Title: Norton, Patrick
Source text: Surgeon General Joseph K. Barnes, United States Army, The Medical and Surgical History of the War of the Rebellion. (1861–65.), Part 1, Volume 2 (Washington, D.C.: Government Printing Office, 1870), 409.
Civil War Washington ID: med.d1e18458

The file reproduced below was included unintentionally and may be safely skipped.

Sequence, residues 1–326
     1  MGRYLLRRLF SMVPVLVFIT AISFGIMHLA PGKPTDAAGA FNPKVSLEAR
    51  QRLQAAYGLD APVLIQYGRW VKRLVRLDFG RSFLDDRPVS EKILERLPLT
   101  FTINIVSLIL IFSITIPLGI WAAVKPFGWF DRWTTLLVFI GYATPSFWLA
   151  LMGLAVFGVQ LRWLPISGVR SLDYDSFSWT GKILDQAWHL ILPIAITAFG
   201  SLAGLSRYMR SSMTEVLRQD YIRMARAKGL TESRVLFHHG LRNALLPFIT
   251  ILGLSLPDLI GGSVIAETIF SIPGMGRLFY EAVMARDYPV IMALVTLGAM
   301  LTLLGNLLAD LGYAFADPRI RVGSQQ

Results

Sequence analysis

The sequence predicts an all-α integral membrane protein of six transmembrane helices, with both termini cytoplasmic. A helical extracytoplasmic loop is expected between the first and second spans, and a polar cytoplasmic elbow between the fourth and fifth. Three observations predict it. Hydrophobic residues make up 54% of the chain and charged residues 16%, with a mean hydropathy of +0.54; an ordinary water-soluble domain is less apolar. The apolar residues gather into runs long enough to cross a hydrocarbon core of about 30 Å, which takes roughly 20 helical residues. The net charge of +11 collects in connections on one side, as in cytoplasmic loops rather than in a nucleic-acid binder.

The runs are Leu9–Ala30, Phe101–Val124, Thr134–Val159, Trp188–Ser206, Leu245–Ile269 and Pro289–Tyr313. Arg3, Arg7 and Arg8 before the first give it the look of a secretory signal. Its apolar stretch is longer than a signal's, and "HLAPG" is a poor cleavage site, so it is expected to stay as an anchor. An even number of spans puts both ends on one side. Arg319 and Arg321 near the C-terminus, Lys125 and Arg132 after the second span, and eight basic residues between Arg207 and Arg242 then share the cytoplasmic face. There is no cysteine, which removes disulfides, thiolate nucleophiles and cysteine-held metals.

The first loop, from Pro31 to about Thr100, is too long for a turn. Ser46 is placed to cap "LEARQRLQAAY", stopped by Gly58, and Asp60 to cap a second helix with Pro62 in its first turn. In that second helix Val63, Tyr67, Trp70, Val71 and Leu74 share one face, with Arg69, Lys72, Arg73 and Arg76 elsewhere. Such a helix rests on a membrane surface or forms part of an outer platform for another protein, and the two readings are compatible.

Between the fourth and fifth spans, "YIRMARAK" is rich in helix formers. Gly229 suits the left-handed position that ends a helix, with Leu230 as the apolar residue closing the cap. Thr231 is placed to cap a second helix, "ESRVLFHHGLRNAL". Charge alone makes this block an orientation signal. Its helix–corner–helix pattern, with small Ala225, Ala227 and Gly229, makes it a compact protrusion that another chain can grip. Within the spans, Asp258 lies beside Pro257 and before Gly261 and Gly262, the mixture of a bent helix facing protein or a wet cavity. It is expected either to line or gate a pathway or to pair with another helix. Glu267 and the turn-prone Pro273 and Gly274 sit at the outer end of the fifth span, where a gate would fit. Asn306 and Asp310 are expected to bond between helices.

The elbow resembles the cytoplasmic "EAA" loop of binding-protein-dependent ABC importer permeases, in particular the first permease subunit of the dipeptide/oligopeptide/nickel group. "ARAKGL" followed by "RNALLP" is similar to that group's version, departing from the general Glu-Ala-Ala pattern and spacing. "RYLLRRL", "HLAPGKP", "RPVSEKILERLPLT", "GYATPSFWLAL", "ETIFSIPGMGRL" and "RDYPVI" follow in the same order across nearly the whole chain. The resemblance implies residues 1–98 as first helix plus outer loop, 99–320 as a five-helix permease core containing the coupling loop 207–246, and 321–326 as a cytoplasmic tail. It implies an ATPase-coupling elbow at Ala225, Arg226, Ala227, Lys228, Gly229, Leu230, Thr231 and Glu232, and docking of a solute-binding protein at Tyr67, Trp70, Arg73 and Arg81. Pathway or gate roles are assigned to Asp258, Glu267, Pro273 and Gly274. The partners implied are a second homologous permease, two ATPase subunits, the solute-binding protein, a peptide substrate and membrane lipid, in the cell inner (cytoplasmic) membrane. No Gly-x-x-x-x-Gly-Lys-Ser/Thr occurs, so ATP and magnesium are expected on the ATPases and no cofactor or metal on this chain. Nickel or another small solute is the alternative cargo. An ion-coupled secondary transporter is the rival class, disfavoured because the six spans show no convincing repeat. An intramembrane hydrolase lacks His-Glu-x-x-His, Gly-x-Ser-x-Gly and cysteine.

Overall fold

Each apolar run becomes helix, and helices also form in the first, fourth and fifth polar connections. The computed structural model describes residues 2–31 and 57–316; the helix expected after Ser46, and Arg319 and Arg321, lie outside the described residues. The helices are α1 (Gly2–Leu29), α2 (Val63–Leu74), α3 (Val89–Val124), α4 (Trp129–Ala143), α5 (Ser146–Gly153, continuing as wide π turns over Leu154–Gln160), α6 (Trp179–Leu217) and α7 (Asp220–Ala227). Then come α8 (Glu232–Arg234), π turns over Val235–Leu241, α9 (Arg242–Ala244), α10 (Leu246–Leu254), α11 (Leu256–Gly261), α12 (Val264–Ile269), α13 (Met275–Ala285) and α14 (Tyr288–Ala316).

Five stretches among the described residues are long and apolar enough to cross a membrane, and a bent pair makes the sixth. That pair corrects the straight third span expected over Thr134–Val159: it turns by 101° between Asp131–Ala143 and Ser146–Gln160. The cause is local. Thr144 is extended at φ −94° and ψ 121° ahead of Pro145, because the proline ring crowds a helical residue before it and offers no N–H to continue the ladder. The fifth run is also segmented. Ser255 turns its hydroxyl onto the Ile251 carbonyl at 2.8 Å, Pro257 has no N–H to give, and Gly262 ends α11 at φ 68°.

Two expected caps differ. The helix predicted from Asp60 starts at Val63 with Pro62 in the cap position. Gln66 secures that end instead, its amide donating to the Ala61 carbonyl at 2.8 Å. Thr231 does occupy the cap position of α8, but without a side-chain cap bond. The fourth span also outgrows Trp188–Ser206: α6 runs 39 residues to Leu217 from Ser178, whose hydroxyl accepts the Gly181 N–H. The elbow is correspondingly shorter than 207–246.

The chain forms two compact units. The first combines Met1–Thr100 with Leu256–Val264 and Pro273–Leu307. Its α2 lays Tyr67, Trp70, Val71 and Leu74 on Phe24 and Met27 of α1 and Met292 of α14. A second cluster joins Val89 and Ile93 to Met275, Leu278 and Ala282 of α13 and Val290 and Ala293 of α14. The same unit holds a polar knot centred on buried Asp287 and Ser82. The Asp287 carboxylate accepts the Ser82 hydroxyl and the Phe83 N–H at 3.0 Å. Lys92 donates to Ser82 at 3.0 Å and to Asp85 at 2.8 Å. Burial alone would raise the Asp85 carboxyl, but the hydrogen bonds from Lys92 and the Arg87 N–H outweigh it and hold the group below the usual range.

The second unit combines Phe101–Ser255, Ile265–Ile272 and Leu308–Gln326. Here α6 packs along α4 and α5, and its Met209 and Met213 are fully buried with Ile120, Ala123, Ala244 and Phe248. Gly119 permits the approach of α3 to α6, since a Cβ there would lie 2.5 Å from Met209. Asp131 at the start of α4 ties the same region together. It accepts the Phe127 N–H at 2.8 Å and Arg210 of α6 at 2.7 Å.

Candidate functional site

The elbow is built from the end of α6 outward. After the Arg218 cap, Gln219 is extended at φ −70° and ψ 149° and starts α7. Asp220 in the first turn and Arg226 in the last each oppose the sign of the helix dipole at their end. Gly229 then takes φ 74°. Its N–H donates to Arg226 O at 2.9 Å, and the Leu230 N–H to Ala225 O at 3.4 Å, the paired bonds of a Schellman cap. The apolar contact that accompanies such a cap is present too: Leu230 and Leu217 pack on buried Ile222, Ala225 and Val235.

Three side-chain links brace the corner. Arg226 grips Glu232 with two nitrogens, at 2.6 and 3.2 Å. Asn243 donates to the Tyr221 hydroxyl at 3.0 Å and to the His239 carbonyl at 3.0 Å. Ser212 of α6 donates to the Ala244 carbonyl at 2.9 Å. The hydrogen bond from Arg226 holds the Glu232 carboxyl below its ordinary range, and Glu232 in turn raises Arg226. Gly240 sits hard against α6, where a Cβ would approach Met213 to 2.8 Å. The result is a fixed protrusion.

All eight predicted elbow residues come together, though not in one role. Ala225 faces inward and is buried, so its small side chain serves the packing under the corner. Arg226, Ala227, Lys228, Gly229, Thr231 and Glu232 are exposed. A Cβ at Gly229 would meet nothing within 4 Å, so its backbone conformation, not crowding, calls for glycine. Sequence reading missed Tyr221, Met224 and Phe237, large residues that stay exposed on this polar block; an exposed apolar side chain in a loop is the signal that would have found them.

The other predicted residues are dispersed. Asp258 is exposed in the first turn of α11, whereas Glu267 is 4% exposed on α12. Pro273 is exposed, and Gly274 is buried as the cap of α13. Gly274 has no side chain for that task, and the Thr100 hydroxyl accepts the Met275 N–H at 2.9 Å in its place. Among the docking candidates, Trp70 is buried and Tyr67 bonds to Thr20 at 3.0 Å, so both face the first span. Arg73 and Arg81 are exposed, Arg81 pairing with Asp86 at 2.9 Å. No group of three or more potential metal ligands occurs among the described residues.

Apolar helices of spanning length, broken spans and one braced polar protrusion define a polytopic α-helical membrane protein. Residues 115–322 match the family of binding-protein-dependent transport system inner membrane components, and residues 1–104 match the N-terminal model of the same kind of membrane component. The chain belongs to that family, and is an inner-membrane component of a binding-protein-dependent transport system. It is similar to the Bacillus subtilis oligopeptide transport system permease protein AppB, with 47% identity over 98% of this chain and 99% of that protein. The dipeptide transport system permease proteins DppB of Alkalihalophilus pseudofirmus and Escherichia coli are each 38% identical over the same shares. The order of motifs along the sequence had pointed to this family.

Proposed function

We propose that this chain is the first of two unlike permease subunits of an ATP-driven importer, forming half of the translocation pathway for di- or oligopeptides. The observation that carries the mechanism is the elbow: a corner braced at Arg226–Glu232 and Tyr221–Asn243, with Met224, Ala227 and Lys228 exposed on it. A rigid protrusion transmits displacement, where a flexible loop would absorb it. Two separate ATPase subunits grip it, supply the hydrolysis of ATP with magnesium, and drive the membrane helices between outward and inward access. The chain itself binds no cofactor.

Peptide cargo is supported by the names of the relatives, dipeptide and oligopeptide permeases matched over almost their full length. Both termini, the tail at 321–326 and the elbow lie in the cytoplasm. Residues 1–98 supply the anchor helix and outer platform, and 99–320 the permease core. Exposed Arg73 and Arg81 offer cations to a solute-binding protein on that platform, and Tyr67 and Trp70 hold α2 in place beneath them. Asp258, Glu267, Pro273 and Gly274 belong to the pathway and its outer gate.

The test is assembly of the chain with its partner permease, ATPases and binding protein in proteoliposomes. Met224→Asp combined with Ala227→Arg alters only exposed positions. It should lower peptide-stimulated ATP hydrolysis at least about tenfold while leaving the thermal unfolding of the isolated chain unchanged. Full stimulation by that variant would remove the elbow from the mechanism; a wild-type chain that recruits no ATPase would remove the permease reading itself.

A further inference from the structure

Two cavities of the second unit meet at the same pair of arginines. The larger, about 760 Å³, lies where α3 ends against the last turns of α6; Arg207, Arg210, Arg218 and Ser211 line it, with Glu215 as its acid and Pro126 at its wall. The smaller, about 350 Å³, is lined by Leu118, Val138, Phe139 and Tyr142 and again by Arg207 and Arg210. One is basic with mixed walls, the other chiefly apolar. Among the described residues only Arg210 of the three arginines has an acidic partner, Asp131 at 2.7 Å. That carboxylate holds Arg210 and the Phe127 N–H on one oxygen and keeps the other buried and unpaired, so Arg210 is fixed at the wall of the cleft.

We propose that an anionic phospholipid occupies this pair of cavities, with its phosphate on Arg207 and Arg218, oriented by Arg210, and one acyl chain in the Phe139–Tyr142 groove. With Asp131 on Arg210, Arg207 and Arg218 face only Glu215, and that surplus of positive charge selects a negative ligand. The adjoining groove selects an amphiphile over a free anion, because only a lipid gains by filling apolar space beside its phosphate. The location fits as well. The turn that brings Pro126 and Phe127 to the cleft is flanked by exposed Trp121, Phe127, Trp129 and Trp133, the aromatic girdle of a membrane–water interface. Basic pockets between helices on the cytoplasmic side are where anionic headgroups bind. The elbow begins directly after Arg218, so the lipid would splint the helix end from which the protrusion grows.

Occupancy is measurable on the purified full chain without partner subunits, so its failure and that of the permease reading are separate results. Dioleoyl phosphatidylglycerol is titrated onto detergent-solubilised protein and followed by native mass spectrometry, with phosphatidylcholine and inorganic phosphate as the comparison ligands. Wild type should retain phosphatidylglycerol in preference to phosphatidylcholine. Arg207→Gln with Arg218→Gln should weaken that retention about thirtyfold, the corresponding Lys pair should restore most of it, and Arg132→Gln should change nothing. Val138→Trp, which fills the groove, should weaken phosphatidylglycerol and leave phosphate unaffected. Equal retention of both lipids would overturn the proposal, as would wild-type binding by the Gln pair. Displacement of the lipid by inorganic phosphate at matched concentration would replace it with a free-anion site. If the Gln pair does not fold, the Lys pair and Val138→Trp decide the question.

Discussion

CASE.—Private Patrick Norton, Co. D, 70th New York Volunteers, was wounded at Bull Run, Virginia, by a pistol ball, which entered near the right primitive carotid artery, and emerged near the inferior border of the scapula on the left side. He was admitted, on the next day, to the Presbyterian Church Hospital, Georgetown, D. C. The patient was somewhat exhausted when admitted, but rallied under the use of stimulants. Respiration was easy. Cold water dressings were applied and anodynes given. During the night the patient was extremely restless, continually calling for water, and wishing to have his position changed. The pulse was full and bounding. There was paralysis of the upper and lower extremities, consequent upon the severing of some of the nerves involved in the wound. There was also paralysis of the sphincters of the bladder and rectum, the fæces and urine being voided involuntarily. Great irritability of the stomach was a constant symptom, it being impossible for the patient to retain food or medicine for more than fifteen minutes. Involuntary emissions of semen occurred nearly every two hours. The patient finally became so noisy and troublesome that it was necessary to have him isolated. He continued in this condition until September 16th, when he began to sink, and died on September 20th, 1862.